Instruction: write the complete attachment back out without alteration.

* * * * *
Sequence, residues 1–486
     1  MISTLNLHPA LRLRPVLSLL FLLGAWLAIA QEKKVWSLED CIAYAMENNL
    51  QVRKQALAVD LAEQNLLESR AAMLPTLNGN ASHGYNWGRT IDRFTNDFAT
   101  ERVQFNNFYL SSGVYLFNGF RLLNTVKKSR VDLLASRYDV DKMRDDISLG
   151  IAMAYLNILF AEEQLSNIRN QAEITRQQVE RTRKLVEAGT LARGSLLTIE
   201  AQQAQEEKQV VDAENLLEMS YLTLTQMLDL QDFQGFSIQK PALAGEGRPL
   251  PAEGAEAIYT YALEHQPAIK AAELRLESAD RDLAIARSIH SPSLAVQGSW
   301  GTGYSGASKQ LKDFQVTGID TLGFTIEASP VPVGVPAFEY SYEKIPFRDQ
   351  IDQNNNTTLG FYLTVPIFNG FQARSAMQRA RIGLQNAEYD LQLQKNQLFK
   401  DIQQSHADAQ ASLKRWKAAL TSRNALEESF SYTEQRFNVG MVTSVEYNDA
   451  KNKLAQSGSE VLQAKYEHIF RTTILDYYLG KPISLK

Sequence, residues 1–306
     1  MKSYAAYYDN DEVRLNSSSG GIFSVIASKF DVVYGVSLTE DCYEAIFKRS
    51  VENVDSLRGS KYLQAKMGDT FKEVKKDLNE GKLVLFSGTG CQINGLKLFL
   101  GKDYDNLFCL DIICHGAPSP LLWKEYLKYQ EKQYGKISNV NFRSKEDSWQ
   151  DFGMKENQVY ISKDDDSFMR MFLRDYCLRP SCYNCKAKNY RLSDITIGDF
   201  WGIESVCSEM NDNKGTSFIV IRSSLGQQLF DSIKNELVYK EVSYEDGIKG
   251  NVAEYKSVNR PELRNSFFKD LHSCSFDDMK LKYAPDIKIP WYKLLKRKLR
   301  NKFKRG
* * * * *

Sequence, residues 1–486
     1  MISTLNLHPA LRLRPVLSLL FLLGAWLAIA QEKKVWSLED CIAYAMENNL
    51  QVRKQALAVD LAEQNLLESR AAMLPTLNGN ASHGYNWGRT IDRFTNDFAT
   101  ERVQFNNFYL SSGVYLFNGF RLLNTVKKSR VDLLASRYDV DKMRDDISLG
   151  IAMAYLNILF AEEQLSNIRN QAEITRQQVE RTRKLVEAGT LARGSLLTIE
   201  AQQAQEEKQV VDAENLLEMS YLTLTQMLDL QDFQGFSIQK PALAGEGRPL
   251  PAEGAEAIYT YALEHQPAIK AAELRLESAD RDLAIARSIH SPSLAVQGSW
   301  GTGYSGASKQ LKDFQVTGID TLGFTIEASP VPVGVPAFEY SYEKIPFRDQ
   351  IDQNNNTTLG FYLTVPIFNG FQARSAMQRA RIGLQNAEYD LQLQKNQLFK
   401  DIQQSHADAQ ASLKRWKAAL TSRNALEESF SYTEQRFNVG MVTSVEYNDA
   451  KNKLAQSGSE VLQAKYEHIF RTTILDYYLG KPISLK

Sequence, residues 1–306
     1  MKSYAAYYDN DEVRLNSSSG GIFSVIASKF DVVYGVSLTE DCYEAIFKRS
    51  VENVDSLRGS KYLQAKMGDT FKEVKKDLNE GKLVLFSGTG CQINGLKLFL
   101  GKDYDNLFCL DIICHGAPSP LLWKEYLKYQ EKQYGKISNV NFRSKEDSWQ
   151  DFGMKENQVY ISKDDDSFMR MFLRDYCLRP SCYNCKAKNY RLSDITIGDF
   201  WGIESVCSEM NDNKGTSFIV IRSSLGQQLF DSIKNELVYK EVSYEDGIKG
   251  NVAEYKSVNR PELRNSFFKD LHSCSFDDMK LKYAPDIKIP WYKLLKRKLR
   301  NKFKRG